DNR NEWS – FOR IMMEDIATE RELEASE May 18, 2015
Itasca State Park to begin watercraft inspections May 22
All watercraft entering Itasca State Park will be inspected starting May 22, as part of a new plan to prevent the spread of aquatic invasive species in park waters, according to the Minnesota Department of Natural Resources.
Watercraft will be inspected at the north entrance and hours will vary. During inspection hours, all watercraft arriving at the south or east park entrances will be routed to the north entrance.
Inspectors will check to ensure boaters follow clean, drain, dispose laws and may deny access if necessary. Information will be available to visitors about what they need to do to protect Minnesota waters.
“The lakes and waters of Itasca State Park are precious resources,” said Chris Gronewold, Itasca State Park resource specialist. “Our visitors have a stake in preventing the spread of aquatic invasive species in park waters, as well as all waters in the state.”
The law requires boaters to clean weeds and debris from their boats, remove drain plugs and keep them out while traveling, and dispose of unused bait in the trash.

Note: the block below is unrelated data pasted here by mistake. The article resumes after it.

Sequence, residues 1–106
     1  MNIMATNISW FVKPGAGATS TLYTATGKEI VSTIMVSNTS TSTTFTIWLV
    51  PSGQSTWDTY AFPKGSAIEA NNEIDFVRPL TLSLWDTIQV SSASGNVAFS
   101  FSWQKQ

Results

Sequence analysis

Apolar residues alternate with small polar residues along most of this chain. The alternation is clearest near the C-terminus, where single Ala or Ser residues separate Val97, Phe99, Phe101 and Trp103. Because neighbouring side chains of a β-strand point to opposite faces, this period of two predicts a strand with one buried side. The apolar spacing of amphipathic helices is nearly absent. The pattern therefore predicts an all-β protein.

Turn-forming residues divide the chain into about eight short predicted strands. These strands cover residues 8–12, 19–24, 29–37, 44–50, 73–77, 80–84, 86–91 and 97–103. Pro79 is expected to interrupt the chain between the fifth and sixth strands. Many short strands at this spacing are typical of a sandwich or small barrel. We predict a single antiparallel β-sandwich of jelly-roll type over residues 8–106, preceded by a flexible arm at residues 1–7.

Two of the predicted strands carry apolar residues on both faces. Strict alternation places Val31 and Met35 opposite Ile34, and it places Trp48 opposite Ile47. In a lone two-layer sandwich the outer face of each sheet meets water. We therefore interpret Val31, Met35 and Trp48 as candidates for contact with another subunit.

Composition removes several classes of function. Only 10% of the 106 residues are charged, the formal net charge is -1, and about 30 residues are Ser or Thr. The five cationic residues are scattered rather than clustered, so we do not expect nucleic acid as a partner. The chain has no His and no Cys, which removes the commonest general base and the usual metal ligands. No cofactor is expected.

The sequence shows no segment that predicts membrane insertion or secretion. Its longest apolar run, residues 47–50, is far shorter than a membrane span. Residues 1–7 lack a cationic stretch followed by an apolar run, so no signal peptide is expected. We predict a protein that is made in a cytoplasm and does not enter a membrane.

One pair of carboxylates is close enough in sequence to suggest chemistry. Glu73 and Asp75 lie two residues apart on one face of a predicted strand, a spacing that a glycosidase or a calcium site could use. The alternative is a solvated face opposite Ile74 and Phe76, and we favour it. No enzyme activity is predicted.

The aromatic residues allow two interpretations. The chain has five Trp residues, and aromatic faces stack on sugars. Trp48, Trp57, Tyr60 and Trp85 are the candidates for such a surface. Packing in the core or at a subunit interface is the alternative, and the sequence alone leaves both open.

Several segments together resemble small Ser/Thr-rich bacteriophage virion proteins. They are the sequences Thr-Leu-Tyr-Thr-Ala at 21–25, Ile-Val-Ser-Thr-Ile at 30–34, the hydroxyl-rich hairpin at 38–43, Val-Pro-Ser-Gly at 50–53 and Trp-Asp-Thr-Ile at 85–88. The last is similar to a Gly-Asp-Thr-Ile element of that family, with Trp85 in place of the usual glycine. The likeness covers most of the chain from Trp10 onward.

Zebra mussels, Eurasian watermilfoil and spiny waterfleas can be easily carried from one lake to another if aquatic plants or water are left on a boat or trailer.
Some invasive species are small and difficult to see at the access. To remove or kill them before moving to another body of water, especially after leaving zebra mussel or spiny waterflea infested waters, the DNR recommends that boaters either:
- Spray boat with high-pressure water;
- Rinse boat with hot water (120 degrees for two minutes, or 140 degrees for 10 seconds); or
- Dry boat and equipment for at least five days.
Watercraft inspections at Itasca State Park are a cooperative effort by the DNR Parks and Trails Division and Clearwater County, which funded the watercraft inspector positions.
More information, including a 30-second public service announcement about stopping the spread of aquatic invasive species, is available at www.mndnr.gov/AIS.